This comprehensive model is individualized to meet each child’s specific needs and features a specialized team that can include a psychologist, occupational therapist, speech language pathologist, behaviourist and others. Significant parent involvement is also provided.
The successful outcomes of the children who participated in the project indicate that services need to begin as soon as possible after a diagnosis, said registered psychologist Michael Stolte, who is the director of the Infant and Toddler Program.
“We know that the brain is most receptive and open to learning skills prior to age six. Once those windows begin to close it makes it much more difficult for children and their families. When we delay intervention, it becomes more difficult and costly,” said Stolte, noting services designed for older children cannot be extrapolated to a younger population.

Due to the project’s success, the Centre offers these services to children as young as 18 months of age as part of its permanent programming.

“We continue to see similar results with the current group of children participating in the program,” said Stolte. “We believe that this model offers significant opportunity to improve the lives of children with autism and their families.”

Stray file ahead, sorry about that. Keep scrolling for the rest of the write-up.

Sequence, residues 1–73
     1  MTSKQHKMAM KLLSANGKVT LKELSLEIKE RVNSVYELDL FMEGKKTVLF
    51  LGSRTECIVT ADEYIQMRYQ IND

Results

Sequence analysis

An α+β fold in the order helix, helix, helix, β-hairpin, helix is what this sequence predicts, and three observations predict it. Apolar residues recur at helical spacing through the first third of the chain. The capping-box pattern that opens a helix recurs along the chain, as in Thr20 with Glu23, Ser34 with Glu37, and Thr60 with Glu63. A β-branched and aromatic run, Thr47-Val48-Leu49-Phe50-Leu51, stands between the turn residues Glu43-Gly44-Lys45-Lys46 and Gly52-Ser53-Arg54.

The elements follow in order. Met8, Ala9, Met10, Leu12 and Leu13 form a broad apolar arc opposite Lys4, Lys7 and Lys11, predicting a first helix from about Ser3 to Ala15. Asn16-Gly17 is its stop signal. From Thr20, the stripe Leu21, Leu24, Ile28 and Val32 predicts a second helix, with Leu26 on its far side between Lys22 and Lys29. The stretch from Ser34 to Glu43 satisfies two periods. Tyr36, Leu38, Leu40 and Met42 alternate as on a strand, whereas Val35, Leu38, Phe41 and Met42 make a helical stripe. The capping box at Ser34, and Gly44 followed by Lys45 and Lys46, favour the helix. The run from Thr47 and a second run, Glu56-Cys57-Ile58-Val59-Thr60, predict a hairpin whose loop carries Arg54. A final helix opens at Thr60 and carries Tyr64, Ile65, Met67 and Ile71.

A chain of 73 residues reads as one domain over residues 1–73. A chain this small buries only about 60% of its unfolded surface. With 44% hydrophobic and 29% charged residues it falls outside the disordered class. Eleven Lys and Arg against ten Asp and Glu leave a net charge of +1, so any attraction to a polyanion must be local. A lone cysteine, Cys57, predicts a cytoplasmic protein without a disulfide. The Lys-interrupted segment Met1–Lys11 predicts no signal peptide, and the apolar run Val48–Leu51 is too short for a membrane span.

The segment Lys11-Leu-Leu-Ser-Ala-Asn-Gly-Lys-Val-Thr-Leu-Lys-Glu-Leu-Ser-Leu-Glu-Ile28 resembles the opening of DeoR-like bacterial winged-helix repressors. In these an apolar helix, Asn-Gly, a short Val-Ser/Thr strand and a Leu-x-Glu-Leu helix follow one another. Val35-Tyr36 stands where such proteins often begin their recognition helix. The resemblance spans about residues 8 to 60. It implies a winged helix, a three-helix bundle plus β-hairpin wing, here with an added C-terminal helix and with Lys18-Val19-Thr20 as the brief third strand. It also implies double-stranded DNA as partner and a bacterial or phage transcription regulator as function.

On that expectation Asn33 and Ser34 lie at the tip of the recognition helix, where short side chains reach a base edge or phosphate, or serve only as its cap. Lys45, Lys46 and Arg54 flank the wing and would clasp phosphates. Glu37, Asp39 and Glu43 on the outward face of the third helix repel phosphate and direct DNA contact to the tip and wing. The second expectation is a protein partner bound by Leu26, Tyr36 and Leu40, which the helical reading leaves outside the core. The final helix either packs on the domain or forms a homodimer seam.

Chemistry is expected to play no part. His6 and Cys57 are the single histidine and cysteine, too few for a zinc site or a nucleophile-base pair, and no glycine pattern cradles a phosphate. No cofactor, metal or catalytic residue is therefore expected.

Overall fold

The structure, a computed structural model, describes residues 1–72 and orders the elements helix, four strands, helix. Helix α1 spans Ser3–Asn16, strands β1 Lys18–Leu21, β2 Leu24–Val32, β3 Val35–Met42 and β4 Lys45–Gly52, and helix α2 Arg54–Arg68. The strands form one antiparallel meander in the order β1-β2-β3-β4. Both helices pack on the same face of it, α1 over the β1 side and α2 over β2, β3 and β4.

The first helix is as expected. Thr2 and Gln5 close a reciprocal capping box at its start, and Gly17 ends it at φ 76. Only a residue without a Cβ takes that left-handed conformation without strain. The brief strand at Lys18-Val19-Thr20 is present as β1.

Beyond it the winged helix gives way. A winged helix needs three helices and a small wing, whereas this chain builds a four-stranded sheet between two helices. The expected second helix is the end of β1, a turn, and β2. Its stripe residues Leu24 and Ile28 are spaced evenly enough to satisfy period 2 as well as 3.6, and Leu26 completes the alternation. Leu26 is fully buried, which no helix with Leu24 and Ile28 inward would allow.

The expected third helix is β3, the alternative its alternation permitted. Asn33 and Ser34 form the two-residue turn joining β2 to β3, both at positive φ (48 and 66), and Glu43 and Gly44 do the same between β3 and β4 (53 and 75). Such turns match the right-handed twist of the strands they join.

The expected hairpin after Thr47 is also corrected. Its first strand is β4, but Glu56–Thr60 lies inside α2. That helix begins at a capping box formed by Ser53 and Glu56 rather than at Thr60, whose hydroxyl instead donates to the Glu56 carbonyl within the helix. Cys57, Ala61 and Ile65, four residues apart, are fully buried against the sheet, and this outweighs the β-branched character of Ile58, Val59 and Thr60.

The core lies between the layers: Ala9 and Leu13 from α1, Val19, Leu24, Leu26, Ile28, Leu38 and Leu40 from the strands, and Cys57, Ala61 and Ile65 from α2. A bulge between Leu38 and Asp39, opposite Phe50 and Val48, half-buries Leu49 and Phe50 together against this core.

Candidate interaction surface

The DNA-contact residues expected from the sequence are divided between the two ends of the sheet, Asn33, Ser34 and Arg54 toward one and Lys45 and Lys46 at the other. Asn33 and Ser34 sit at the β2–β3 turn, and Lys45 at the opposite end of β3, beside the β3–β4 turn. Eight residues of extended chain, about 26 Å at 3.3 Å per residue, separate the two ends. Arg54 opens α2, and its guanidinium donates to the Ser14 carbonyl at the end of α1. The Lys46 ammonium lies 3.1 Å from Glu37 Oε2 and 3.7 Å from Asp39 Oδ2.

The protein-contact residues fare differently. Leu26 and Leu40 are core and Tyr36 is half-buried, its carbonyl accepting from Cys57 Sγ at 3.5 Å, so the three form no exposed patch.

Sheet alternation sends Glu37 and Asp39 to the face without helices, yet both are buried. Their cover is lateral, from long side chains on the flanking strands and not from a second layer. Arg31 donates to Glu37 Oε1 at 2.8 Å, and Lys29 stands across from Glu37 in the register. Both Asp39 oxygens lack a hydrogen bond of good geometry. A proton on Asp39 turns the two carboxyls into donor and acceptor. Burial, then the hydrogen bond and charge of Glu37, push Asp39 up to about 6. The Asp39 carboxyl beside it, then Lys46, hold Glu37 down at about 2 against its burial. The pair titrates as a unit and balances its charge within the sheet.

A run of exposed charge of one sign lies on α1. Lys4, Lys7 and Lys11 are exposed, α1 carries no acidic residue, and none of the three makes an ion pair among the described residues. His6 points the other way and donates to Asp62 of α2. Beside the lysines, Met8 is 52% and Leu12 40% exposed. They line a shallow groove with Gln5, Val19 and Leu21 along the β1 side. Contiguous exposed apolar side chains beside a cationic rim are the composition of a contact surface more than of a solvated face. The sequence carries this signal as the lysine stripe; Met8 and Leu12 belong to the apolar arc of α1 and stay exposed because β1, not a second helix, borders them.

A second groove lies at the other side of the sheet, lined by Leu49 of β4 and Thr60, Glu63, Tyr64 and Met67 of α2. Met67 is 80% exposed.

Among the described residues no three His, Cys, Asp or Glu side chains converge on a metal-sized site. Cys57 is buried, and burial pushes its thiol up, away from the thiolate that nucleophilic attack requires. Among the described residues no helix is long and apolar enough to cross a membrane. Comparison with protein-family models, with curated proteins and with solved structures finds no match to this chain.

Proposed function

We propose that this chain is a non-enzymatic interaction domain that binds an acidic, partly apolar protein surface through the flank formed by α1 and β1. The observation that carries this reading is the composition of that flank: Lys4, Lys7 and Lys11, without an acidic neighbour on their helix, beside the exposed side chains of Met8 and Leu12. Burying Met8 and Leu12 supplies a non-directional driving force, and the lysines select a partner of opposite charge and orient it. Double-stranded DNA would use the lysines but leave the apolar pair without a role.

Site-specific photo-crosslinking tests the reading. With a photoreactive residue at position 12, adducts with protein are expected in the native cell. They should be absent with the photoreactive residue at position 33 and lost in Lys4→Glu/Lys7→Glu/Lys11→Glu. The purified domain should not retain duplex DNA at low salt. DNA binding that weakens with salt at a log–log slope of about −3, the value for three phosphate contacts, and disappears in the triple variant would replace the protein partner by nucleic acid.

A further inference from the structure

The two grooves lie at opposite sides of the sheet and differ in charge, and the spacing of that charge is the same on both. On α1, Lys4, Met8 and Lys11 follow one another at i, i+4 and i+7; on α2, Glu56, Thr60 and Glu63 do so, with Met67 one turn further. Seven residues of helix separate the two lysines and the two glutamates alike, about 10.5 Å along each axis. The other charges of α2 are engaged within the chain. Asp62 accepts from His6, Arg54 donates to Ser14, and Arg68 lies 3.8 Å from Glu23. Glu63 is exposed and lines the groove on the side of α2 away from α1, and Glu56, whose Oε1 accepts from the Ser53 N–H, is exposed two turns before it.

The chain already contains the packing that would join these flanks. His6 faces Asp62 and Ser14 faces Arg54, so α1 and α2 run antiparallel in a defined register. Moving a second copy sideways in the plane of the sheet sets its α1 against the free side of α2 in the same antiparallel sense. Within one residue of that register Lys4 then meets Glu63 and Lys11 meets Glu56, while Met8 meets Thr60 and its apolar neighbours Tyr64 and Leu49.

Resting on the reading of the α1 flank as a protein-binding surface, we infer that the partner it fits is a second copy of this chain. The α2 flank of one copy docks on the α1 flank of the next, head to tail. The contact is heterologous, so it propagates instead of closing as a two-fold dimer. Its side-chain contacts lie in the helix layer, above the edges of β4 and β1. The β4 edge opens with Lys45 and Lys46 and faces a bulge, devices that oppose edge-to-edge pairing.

As the Centre is the only facility in the province to currently offer this comprehensive model, it will share information about the program and the project’s results with other Edmonton area service providers in an information session at its offices in July.

The Alberta government continues to support the ongoing Infant and Toddler Program: “The Edmonton and Area Child and Family Services Authority (CFSA) is a proud funder of the Centre for Autism in their delivery of specialized services which are designed to meet the needs of children and families severely affected by autism. The partnership between The Centre for Autism and the Edmonton and Area CFSA ensures that a variety of supports including speech-language services, occupational therapy services and behavioural consultation are available to local families.”